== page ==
between east and  southeast. Sail directly toward the outermost cannon. As soon as the cannon  fires, turn toward 
the East. Continue moving east for about a second if you  need to get into range. Now turn north. Wait for the 
red cross-hairs to appear,  then fire after about half a second. Avoid the second volley from the cannons.  
Circle around toward the West and repeat. Use a similar method for the eastern  group of cannons. Ideally, you'll 
be able to destroy every cannon without  taking any damage. With some practice, 1-2 Military Corvettes will be 
enough to  take out 10 cannons. 

- Brute force

Sometimes you'll find that a town only has a couple of cannons and that the wind is preventing you from using 
evasive tactics. If you don't want to spend  much time on the cannons and don't particularly care about how much 
damage you  take, you can simply go up to them and fire. Ships of the Line are the best  ships to use with this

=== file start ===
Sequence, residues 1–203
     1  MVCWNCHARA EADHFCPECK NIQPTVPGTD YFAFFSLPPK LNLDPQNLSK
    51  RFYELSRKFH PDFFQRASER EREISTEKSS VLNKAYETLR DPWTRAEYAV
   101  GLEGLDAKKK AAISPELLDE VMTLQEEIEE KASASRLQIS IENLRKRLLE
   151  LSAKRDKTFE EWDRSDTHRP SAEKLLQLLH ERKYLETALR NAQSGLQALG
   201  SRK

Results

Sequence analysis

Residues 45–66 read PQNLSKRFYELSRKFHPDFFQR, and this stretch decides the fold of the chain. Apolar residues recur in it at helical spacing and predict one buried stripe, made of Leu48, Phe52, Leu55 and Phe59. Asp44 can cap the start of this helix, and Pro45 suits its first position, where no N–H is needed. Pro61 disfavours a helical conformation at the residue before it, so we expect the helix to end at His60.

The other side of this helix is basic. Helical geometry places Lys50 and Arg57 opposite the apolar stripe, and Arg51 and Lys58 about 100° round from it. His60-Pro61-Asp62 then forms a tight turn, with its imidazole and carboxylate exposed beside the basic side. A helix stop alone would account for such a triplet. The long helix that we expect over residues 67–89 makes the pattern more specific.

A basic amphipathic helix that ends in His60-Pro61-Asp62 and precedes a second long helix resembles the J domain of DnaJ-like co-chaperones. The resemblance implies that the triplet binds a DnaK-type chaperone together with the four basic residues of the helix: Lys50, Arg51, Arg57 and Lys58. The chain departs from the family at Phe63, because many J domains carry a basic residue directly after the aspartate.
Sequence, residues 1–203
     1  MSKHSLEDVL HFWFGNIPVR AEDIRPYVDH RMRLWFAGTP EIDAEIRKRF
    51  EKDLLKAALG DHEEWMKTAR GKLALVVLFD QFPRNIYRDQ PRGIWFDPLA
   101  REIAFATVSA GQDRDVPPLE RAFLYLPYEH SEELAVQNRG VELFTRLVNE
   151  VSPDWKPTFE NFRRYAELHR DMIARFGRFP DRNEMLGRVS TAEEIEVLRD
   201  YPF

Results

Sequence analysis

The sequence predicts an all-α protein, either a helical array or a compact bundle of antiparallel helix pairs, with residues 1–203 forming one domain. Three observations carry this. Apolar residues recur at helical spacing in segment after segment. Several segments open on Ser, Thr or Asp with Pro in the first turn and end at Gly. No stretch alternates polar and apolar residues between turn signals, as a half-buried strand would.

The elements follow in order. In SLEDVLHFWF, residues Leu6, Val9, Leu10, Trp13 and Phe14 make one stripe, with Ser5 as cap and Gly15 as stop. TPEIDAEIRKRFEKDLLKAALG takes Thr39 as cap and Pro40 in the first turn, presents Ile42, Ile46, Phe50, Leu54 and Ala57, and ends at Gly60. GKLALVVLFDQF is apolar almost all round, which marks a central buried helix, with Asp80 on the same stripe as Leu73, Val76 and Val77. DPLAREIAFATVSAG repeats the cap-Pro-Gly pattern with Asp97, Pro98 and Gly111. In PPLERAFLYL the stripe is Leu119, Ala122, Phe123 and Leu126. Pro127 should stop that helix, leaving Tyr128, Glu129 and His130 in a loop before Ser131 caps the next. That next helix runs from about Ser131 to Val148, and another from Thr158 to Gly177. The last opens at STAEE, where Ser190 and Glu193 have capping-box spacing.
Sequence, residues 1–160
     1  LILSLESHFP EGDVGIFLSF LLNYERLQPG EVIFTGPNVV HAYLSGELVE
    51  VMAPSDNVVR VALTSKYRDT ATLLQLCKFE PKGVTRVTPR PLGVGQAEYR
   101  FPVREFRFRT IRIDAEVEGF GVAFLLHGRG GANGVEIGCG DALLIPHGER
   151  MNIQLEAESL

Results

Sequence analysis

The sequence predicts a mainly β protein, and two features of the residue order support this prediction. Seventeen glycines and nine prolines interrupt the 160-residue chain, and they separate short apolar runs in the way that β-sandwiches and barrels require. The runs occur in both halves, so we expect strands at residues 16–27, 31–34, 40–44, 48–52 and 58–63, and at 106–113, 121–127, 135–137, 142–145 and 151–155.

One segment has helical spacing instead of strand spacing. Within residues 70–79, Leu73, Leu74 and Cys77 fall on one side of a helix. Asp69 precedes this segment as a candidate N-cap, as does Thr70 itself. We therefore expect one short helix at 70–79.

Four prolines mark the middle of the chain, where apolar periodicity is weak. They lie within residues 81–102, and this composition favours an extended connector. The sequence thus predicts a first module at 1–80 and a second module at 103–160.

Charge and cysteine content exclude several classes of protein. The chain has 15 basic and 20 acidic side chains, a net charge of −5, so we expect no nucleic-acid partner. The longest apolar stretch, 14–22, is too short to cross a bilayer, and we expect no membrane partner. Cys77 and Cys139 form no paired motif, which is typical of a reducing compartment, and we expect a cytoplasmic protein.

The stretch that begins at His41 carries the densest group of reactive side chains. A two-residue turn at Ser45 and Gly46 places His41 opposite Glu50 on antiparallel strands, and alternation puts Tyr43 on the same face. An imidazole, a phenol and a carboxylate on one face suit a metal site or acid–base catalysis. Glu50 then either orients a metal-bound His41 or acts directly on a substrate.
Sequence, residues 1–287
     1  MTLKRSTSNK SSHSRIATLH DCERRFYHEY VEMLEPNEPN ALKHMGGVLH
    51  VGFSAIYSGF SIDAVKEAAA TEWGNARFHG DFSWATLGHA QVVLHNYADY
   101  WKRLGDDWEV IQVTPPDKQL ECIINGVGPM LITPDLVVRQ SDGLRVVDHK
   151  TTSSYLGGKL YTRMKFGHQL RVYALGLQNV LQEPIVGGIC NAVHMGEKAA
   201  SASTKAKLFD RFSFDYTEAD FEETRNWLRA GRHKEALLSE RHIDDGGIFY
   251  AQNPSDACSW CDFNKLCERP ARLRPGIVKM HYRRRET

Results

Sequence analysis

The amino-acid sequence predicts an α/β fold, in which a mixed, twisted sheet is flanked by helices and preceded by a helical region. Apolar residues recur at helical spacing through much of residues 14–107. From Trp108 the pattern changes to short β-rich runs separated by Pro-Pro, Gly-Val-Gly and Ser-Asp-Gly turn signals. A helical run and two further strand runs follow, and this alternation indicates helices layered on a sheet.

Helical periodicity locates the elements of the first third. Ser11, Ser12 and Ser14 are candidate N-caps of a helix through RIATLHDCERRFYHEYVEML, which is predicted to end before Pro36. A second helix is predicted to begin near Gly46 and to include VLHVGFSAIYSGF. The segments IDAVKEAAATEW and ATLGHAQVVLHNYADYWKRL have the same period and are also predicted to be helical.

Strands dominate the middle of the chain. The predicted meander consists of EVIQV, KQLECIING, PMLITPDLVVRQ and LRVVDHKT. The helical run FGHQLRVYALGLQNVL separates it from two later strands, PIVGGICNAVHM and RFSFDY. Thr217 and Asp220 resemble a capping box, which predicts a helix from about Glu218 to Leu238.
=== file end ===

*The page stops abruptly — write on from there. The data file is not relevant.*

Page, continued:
method because they have the highest stability and the  most cannons.

You don't lose anything if you run away from the harbor cannons battle. You only need to send your first ship off 
the map and wait a few seconds. The  entire convoy will escape unharmed. 

Attacking by Land[edit]

When you attack by land, your sailors land on the beach and become soldiers. If you want as many soldiers as 
possible, attack using a convoy with 10 Ships of  the Line. Each one holds 200, for a total of 2,000 soldiers. 

The town will have two sets of gates, each one guarded by approximately half of the town's soldiers. You need to 
destroy one of them. You don't have to kill  any defenders, but your soldiers will usually attack them instead of 
the gates  if they're close by. Note that you need 1 musket or cutlass for every soldier  you plan to send in. 
Also, if your soldiers are killed, you lose their weapons. 

Immediately after your attack, some of the killed defenders will be replaced. 

- Brute force